The whole experience made me think about all the other things we do with just enough knowledge to get by but without enough time and care to do well. Most evidently this happens with computers and software. I’ve been using computers since around 1984 when I got my first Amstrad but the only one-to-one tuition I’ve had was when a friend spent 30 minutes showing me the extraordinary potential of a spreadsheet programme supercalc. Until lockdown, when another friend tried to show me how procreate digital painting works, my entire experience of using a computer has been self-taught. I’m sure this is a common experience and I’m equally certain that I totally underuse the potential of the hardware and software that dominates my life. I know that there are short cuts and techniques that might make the experience of using these machines more elegant and rapid but I’m happy to learn just enough to get them working. Not much different than my son Jack who picks up an ipad, navigates his ways around the programmes and when he finds one that works for him will settle down for hours of enjoyment. Jack is 4 years old.
So I turn to bread making. During lockdown I dug out a bread machine that had been abandoned for 15 years. Since April I’ve been making bread every 2 days and getting a ridiculous amount of pleasure and sense of achievement as I experimented with different flours and seeds to the general delight and appreciation of my family. Those in the know will realise that the achievement was not so difficult- the machines are pretty bullet proof. I cant claim to be a baker – that will have to wait until I give up the bread machine for the oven, but I feel Im nearly there as I smell the bread as its baked and spread the still warm first crust with melting butter.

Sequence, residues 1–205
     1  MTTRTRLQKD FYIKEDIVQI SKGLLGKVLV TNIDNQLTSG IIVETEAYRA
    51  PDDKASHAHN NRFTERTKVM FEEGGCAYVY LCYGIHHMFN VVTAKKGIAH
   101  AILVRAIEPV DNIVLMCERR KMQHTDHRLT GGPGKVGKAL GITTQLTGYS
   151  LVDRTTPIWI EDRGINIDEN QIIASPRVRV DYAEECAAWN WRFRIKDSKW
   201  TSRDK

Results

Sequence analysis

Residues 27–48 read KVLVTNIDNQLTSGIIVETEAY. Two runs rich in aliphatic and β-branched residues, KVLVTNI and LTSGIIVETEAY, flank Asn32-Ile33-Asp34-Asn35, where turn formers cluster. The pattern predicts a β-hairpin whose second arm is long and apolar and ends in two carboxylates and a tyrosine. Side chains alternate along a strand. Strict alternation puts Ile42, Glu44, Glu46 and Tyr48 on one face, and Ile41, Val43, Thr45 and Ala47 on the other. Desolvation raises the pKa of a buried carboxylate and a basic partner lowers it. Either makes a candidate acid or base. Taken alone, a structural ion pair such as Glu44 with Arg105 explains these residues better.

I’m torn between doing lots and doing well. One consequence of my Moka Pot experience is that I felt more connected to the process. Moka pots are so simple that I think I can reasonably expect to claim to be an expert in no time despite decades of Moka abuse. I not only can do it well I’m pretty close to doing it to its best. And that provoked a challenge to research (because I had time) expresso machines and coffee grinders. Inevitably I bought the combination of my dreams (a Gaggia Classic and Sage Dose Control Pro if you’re interested). And the 5 minute coffee making has transformed to an endless, eagerly awaited chemistry experiment of doses and yelds with an infinite variety of beans to sample and grind to ridiculously precise measurements. And it makes a mess and it takes patience but the coffee is sublime and every cup seems to have character and presence.
So I’m drawn to a simple and obvious conclusion. There have been so many negatives from lockdown but a common positive is finding time and with the time – making good.
Surfing has been a constant through most of my adult life. I’ve marked important occasions by paddling out to sit in the swell however small, cradled in the ocean, connecting with the natural world. Looking out to sea you learn to understand the weather patterns that generate swell and the underwater topography that creates waves. Watching the surf for hours, following the peaks and take off points as they move with the tides. Identifying the channels that create the rips that trouble swimmers but give you an assisted pull out to the line up. Rich in poetry and metaphor, surfing demands its own pace and dynamic. From the battle through the surf to the back line, the calm of the deceptive swell as you wait for your wave, the exhilaration of the drop into the wave and the joy of riding across a glassy face. Then you return – out the back. Finding your place in the line up, drawing breath, waiting.